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"Support for Ilisu could breach human rights act," say campaigners.

The Ilisu Dam Campaign and seven other UK and international groups have today (Tuesday 2/10) released a 200-page response to the environmental impact report (EIAR) on the proposed Ilisu Dam in Turkey (1).

UK campaigners have also been advised that UK support for the Ilisu project could be in violation of the Human Rights Act.

The campaigners' report is a devastating critique of the proposed dam and the EIAR, and reveals:
- that dam planners do not yet know exactly how many people will be affected and have not said where and how they will be resettled; previous official estimates put the number of those affected at 78,000 people, the majority of them Kurds;
- that on resettlement issues alone, the dam would break 15 international guidelines on 75 counts;
- even with proposed water treatment plants, there is still a high risk that the dam will lead to the poisoning of the Tigris River, risking the health of the local population;
- that independent analysis of the EIAR's own figures reveal that the dam threatens to cut off downstream water flows to Syria and Iraq in periods of drought;
- and that each of the UK government's five self-imposed conditions for supporting the dam have still to be met (2).

The government will decide whether to support the dam with $200m of export credit guarantees within the next month. Its decision will be based on the EIAR, on public comments and expert advice.

UK campaigners have strong reason to believe that UK support for the Ilisu project would be in violation of the Human Rights Act, as it would bring about human rights violations in Turkey.

"With the publication of our report, we are issuing a challenge to the government - drop this project now or we believe there will be strong grounds for a legal challenge," said Kurdish Human Rights Project Director Kerim Yildiz.

"The environmental report, on which the government will base its decision, is so bad as to be embarrassing," said Nicholas Hildyard of the Ilisu Dam Campaign. "It is contradictory, incomplete, partial and in many places wildly inaccurate. In some areas - especially those that touch on the security situation in the Ilisu region - we question whether the report has been censored by Turkish authorities," he said.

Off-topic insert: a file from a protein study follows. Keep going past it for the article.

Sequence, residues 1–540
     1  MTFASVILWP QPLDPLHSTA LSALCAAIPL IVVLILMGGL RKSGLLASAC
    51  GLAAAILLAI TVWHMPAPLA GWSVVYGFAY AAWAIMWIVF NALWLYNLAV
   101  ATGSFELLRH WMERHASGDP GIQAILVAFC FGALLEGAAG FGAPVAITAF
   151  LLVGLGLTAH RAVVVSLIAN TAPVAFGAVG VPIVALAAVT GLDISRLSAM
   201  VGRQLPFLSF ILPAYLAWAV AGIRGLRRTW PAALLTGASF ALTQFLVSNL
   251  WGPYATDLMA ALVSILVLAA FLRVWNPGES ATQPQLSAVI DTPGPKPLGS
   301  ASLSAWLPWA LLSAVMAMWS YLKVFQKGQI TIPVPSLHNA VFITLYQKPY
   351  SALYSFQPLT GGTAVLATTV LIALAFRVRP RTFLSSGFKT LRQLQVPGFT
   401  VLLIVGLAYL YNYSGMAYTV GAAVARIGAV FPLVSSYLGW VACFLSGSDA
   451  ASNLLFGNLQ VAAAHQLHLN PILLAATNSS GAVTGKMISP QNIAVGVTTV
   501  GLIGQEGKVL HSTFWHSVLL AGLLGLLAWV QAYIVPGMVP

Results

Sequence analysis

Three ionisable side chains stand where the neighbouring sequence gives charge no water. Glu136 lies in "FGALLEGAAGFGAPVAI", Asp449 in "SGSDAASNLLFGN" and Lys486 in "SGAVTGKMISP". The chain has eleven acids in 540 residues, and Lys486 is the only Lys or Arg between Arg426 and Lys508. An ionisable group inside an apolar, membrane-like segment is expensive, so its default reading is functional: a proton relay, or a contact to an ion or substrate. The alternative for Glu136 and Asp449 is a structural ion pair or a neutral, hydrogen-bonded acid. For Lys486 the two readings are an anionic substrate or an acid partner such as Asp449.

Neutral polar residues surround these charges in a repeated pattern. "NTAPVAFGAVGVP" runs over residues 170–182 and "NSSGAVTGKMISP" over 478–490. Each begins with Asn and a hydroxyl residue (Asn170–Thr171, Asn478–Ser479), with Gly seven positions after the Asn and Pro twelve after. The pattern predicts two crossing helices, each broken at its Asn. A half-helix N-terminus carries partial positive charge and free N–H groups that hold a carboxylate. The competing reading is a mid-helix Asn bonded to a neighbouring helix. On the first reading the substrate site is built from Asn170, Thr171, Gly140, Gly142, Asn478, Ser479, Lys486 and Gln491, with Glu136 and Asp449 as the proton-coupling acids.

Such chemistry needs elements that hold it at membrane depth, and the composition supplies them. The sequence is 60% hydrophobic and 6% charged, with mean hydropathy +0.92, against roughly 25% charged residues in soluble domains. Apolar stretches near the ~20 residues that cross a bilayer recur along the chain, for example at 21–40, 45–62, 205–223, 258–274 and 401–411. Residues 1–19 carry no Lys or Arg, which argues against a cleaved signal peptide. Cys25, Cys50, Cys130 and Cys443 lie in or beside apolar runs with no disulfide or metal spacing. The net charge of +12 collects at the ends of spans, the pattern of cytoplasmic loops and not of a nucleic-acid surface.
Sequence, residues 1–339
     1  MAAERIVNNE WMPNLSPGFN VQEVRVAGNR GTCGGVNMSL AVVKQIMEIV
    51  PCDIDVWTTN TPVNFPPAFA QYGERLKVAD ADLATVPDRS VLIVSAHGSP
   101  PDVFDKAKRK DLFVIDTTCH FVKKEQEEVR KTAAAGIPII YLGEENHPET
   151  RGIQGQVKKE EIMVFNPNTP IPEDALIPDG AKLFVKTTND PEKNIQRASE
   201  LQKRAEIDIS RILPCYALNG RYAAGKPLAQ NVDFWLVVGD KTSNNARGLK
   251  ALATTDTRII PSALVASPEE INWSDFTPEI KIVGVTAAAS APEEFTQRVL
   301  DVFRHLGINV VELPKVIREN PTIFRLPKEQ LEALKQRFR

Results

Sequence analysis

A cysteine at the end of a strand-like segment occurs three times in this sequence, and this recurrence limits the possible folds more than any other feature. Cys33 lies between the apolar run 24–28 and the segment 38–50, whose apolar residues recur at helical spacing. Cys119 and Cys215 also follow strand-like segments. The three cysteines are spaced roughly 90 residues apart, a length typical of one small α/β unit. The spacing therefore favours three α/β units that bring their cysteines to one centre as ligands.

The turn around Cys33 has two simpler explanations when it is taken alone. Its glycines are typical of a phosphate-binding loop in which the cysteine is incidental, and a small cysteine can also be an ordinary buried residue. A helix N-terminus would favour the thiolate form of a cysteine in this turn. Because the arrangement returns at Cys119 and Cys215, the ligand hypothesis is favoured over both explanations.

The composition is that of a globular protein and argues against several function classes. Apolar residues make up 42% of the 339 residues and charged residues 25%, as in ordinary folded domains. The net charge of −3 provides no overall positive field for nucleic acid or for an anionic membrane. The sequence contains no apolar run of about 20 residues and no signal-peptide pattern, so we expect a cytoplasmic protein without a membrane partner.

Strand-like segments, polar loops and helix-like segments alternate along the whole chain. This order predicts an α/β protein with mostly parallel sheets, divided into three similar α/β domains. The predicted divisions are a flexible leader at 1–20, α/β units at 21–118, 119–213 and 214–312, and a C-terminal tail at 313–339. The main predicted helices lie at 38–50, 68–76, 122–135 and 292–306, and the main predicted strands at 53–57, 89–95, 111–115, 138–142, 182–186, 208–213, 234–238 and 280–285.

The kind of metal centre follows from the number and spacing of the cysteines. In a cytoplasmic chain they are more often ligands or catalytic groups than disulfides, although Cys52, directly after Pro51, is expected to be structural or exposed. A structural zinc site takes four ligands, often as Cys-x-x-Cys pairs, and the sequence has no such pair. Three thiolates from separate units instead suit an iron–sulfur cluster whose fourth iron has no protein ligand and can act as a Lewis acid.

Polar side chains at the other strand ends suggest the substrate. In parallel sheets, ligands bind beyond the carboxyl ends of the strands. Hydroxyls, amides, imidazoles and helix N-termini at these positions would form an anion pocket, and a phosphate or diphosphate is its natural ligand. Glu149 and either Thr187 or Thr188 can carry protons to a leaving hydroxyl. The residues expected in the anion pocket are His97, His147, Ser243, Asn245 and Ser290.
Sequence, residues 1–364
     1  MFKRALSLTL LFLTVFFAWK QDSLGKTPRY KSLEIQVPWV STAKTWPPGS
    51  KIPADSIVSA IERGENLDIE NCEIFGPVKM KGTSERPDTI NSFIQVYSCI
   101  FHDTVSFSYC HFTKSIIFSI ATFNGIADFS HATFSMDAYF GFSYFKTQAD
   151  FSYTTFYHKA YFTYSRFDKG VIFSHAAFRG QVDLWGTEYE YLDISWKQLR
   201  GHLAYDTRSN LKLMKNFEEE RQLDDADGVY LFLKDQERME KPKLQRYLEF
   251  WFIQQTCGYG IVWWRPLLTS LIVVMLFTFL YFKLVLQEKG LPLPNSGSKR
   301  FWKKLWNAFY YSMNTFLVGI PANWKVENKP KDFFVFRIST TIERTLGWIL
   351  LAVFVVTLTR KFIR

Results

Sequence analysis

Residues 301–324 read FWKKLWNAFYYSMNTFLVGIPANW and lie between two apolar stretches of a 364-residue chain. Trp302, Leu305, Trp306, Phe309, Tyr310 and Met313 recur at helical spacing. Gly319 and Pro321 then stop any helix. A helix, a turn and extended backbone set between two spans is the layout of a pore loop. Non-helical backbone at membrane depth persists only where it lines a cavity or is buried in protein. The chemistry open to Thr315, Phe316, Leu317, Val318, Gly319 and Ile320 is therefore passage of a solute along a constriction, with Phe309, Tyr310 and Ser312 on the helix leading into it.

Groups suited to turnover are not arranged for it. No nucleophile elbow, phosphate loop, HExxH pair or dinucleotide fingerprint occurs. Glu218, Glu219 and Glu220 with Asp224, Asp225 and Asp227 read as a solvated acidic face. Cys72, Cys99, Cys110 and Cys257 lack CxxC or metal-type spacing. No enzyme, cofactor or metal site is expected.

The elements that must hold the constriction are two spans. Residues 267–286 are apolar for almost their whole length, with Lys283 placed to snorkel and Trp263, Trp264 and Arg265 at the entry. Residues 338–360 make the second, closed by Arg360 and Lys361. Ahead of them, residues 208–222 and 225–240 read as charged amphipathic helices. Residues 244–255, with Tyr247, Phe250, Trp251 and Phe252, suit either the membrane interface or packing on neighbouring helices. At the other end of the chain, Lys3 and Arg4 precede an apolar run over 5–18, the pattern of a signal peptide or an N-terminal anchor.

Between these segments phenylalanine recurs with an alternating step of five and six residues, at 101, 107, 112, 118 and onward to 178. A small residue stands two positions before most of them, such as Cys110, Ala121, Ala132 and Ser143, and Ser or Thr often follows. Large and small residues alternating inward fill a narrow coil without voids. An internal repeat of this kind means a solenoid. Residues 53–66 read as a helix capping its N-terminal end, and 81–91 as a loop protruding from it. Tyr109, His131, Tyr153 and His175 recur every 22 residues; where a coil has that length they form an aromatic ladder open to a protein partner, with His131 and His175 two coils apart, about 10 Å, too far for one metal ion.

"On the basis of this EIA, the UK government cannot - morally or legally - support this dam," he said.

The campaigners' submission to five of the governments considering support for Ilisu, including the UK, US, Italy, Switzerland and Germany, covers the resettlement, cultural heritage, hydrological, and water quality impacts of the dam; and a
critique of the environmental report's analysis of alternatives to the dam. The submission also includes a plea from Southeast Turkey's Diyarbakir Bar Association to reject the dam.

The EIAR was published only in English - and was therefore inaccessible to the vast majority of affected people.


1. The groups submitting the report include: Ilisu Dam Campaign (UK), Corner House Research (UK), the Kurdish Human Rights Project (UK), Friends of the Earth (England, Wales and Northern Ireland), Berne Declaration (Switzerland), Campaign An Eye on SACE (Italy), Pacific Environment (US) and World Economy Ecology and Development (Germany).
2. The government's five conditions include:
- Draw up a resettlement programme which reflects internationally
accepted practice and includes independent monitoring;
- Make provision for upstream water treatment plants capable of
ensuring that water quality is maintained;
- Give an assurance that adequate downstream water flows will be
maintained at all times;
- Produce a detailed plan to preserve as much of the archaeological
heritage of Hasankeyf as possible;
- A published assurance that the required consultation of
neighbouring States has been carried out by the Turkish authorities.

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